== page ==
There is a logic to the social network's controversial rebrand as X
It wasn’t a joke. Elon Musk really is rebranding Twitter. Just as he promised in a tweet on Sunday, the company will “bid adieu to the twitter brand and, gradually, all the birds”. A new X logo has already been unveiled and the X.com domain name now redirects to the Twitter site.
But why is Musk doing this? Why acquire a social media company for $44 billion only to erase its corporate identity? Imagine Apple or Coca-Cola or Rolls-Royce rebranding as “E” or “J” or “Z”. It appears to make no sense.
Some commentators have noted Musk’s fixation with the 24th letter of the alphabet. It repeatedly appears in the names of his companies, such as SpaceX; his products, such as the Tesla Model X; and even his children. More broadly, X is a pluripotent symbol in Western culture. It variously signifies obscenity, anonymity, the alcoholic strength of beer, a kiss and Jesus Christ. In mathematics, it stands for an unknown quantity; in pirate cartography, a buried treasure.
One of Musk’s recent tweets simply reads, “Deus Ex”, cleaving the final word from the classical phrase meaning “god from the machine”. Its origin stems from Greek theatre, in which mechanisms like winches or trap doors were used to make supernatural beings appear onstage. If Twitter is the machine in this metaphor, though, then what — or who — is the god?
To answer that, we need to trace the origins of X.com, which started off as an online bank co-founded by Musk. After merging with a competitor, the company changed its name to PayPal and Musk went off to do other things. However, he has since reacquired the X.com domain name. The fact that he’s using it to rebrand Twitter suggests that he’s pressing ahead with expansion plans.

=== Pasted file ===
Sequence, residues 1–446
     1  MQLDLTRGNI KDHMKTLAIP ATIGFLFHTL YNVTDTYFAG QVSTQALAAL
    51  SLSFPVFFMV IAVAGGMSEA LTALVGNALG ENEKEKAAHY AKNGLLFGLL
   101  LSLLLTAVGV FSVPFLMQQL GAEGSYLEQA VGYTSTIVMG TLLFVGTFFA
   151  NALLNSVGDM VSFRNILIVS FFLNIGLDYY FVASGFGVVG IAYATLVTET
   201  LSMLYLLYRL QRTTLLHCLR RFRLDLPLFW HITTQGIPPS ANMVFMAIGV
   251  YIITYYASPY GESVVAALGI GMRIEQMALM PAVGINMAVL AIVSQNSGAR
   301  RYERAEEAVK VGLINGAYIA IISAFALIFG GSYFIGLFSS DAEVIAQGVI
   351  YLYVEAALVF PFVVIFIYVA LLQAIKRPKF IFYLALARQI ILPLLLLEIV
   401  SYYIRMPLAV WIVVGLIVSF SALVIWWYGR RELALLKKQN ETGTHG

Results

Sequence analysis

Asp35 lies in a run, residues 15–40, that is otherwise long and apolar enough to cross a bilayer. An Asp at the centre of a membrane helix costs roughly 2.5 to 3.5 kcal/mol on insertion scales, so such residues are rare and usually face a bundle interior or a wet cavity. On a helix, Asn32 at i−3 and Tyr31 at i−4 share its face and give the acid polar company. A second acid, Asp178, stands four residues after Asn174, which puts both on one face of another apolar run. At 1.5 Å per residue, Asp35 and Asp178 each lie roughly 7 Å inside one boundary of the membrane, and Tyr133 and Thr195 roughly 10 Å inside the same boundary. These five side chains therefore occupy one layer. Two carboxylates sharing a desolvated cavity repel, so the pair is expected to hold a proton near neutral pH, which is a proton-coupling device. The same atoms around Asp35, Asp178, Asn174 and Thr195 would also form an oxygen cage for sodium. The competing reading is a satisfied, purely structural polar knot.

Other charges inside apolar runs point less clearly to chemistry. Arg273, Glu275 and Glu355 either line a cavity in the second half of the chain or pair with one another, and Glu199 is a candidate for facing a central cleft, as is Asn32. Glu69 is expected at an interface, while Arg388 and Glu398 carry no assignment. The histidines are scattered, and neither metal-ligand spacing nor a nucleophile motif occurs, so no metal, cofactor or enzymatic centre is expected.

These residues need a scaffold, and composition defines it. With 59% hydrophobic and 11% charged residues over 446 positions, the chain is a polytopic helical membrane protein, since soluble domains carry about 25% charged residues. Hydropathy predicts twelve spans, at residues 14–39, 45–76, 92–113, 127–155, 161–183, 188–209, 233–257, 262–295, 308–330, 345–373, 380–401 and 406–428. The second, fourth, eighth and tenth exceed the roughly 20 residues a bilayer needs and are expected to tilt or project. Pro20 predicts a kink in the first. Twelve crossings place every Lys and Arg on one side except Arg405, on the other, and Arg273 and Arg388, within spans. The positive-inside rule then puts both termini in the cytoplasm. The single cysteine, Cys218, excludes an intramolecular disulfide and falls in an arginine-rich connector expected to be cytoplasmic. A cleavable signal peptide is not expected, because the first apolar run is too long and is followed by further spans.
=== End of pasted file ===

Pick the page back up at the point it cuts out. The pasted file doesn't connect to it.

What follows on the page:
In the West, most apps are used to do a particular thing — for instance, PayPal is for transferring money, Uber for hailing taxis, and Twitter for berating strangers on the internet. But in Asia, so-called “everything apps” are used to access multiple services. The most prominent example is China’s WeChat, which plays a huge part in the country’s very online financial infrastructure. Musk has big ambitions and a track record of achieving them. If those include turning Twitter into the Western WeChat, then we need to stop sniggering and take him seriously.
After all, Twitter provides the perfect launchpad. It has hundreds of millions of users in multiple countries, a super-accessible user interface and a public profile that, unlike most social networks, does not limit its appeal to narrow demographics. If any app could become the everything app — indeed the god app — it is this one.
But there’s a problem — which is Twitter’s reputation as, primarily, a microblogging site. Far from being an asset, the familiarity of the branding is a liability. In its place, Musk needs a name that can become known for many things, not just one. X hits the spot.
So his critics are wrong: Musk has not lost his mind. Shooting the bird makes perfect sense.